Rebecca H. Jamison’s latest Jane Austen retelling is “Sense and Sensibility: A Latter-day Tale,” which will be released on Aug. 12.
Here’s a sampling from this book to tide you over until it’s released on Aug. 12.
From author: This is the first scene in the book. Elly, our hero, is unemployed and so desperately poor that she’s living at home and getting food from the LDS bishop’s storehouse. To make matters worse, she has to take her autistic sister along on her first trip to the storehouse. It’s a melt-down in the making—the storehouse has no Pop-Tarts or Diet Coke—and it only gets worse as the scene progresses.
There’s a skill set to being poor. So far, I’d learned to recognize the exact spot on the gas gauge that meant empty and how to fix just about anything with duct tape— I wore duct-taped pumps to my father’s funeral, and I don’t think anyone noticed. Today forced me to learn one more thing—how to get food without paying for it.
I wasn’t stealing, but it still felt wrong. I’d never imagined myself as unemployed, single, and living at home when I turned twenty-seven. I’d done everything I could to prevent this. I had a degree. I’d worked ten-hour days. My résumé was a masterpiece. Still, I came here, accepting charity.
Walking toward the red brick building that was the bishop’s storehouse, I held onto Grace, my fifteen-year-old sister, by her hand. It was probably a mistake to bring her, considering her special needs, but leaving her at home with our sister Maren would’ve been like leaving her alone. As I pulled the heavy glass door open and stepped into a room that smelled like vanilla pudding mix, my salivary glands kicked into overdrive. It’d been a while since I’d had decent food, but I wasn’t about to drool like one of Pavlov’s dogs over vanilla pudding mix, was I?
In the center of the convenience store-size room were five aisles filled with non-perishables. Grace pulled her hand from my grasp and rushed toward the center aisle, looking at the boxes on the shelves. “Where’s the Pop-Tarts?”
I followed, reaching for her hand. “I don’t think they have Pop-Tarts here,” I said, feeling heat rise to my face. The clerk at the front of the store—the one that wasn’t helping someone else—had probably already judged us as the type of people who ate junky breakfast products.
Grace walked to the next aisle, scanning the canned foods. “I want chocolate Pop-Tarts.”
The clerk walked to the back room, darting a glance our way, a glance that said she knew my secret—that Grace wasn’t a normal fifteen-year-old girl. She was pretty with long dark hair and dark eyes like mine, only she was more symmetrical. There wasn’t a scar from a childhood accident above her lip and her ears didn’t stick out. She looked like she could be a cheerleader or a student body president. But as much as I wished Grace were normal, it was better that people knew the truth. Believe me, I’d heard plenty of angry comments from people who thought she was just a rude teenager, and today, of all days, I preferred empathy.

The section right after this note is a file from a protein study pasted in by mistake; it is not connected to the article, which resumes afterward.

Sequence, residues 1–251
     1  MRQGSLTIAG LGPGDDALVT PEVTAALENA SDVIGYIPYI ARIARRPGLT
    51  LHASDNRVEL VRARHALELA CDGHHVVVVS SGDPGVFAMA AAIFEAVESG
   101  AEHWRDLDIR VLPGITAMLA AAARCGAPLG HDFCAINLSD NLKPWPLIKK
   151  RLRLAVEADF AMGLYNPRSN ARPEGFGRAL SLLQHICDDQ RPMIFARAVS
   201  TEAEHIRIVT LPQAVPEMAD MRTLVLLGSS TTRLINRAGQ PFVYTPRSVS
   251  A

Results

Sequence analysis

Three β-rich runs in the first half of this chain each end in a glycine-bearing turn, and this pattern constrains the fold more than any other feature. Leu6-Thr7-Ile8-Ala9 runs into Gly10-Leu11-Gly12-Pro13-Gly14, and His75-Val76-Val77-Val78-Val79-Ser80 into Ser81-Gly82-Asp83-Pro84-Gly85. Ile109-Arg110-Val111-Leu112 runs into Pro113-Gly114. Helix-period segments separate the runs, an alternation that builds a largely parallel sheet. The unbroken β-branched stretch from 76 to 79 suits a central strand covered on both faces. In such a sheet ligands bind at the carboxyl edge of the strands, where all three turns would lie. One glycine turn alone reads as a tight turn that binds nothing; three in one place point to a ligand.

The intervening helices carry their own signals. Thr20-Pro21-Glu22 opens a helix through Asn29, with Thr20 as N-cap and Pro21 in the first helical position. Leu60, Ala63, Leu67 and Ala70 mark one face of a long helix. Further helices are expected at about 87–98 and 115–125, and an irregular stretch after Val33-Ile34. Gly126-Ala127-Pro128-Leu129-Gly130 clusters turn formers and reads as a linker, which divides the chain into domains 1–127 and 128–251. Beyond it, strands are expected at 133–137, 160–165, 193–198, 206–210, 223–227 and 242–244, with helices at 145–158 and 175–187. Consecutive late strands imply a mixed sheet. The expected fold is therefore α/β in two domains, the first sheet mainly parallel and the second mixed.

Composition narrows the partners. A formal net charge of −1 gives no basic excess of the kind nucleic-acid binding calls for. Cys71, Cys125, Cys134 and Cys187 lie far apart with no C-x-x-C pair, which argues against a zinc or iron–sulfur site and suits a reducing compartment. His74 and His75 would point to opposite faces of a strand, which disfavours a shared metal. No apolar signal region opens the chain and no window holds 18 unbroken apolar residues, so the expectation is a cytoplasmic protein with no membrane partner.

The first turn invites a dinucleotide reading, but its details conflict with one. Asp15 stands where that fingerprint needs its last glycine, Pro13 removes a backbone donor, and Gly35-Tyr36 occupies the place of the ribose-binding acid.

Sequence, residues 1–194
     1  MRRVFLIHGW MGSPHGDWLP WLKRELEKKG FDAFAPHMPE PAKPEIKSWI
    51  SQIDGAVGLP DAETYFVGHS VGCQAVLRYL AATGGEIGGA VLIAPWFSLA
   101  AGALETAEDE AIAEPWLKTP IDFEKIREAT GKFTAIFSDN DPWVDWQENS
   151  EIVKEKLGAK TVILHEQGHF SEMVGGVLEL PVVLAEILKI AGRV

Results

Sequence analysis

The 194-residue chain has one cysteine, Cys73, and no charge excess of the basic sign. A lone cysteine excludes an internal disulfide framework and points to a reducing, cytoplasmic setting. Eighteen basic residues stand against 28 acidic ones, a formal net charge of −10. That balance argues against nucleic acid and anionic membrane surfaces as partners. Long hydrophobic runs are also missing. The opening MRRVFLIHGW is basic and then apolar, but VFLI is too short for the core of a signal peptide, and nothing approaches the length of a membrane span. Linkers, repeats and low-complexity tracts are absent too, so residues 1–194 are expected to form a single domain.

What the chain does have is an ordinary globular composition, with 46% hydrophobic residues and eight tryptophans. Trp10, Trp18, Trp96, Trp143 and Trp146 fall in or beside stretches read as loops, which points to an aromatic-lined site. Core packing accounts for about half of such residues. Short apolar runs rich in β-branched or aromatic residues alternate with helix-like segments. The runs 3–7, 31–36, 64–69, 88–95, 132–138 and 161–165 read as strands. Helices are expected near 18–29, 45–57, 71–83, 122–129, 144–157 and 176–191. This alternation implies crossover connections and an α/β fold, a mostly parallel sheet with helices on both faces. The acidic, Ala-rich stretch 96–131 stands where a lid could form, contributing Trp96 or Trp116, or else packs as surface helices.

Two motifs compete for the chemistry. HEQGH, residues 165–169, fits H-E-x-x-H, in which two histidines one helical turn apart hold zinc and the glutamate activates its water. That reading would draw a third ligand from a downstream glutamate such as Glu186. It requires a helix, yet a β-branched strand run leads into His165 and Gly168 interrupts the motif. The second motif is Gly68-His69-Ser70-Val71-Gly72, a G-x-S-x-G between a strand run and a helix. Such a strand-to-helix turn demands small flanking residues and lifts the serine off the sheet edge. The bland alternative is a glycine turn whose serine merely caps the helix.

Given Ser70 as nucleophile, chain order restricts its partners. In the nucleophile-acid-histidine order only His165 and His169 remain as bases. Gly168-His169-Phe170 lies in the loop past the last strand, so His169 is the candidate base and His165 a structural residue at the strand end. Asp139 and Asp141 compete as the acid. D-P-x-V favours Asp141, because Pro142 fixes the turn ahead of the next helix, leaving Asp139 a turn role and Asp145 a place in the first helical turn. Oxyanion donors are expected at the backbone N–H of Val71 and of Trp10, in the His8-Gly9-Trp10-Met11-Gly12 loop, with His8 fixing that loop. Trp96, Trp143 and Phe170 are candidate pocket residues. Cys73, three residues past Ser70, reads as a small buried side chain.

Grace stopped at the refrigerated section in the back and opened every door, one at a time, looking for Pop-Tarts while I pulled our food order from my purse. The order allowed for ten pounds of fresh produce. Maren had told me to get organic, but I was pretty sure, from the looks of things, organic wasn’t an option. Four bins held fruits: apples, oranges, bananas, and strawberries.
Maybe I’d save the produce for later. Grace would be more interested in breakfast foods anyway. I pointed to an aisle of boxed goods and looked at the order form in my hand. “We’re getting cornflakes. You like cornflakes, don’t you? Or how about pancake mix?”
“I want Pop-Tarts,” Grace said, getting louder.
I scanned the list our bishop gave my mom. “How about canned peaches?”
A door opened from the back, and the clerk came out, followed by a much better-looking man than I’d ever expected to find here—or in all of northern California, for that matter. He was tall and dark, the type who would’ve looked much more at home in Southern Italy, sitting under a beach umbrella with a glass of mineral water. His good looks distracted Grace from her Pop Tart obsession. He looked toward us then away. He was shy. I liked shy guys. The clerk introduced him. “This is Ethan Ferrero, one of our volunteers. He’ll help you find what you need.”
Ferrero? He couldn’t be one of those Ferreros. I looked at the worn collar on his green T-shirt—nope, definitely not one of those Ferreros. I shook his hand. “We’d love some help. It’s our first time.”
As he stepped closer to look at my food order, I smelled something like sunblock. “We’ll get the canned goods first,” he said, bending over my paper. He read our name at the top, then looked at me. “So you’re Goodwins. Are you the ones who owned the Check-It-Out software company?” He was one of those Ferreros.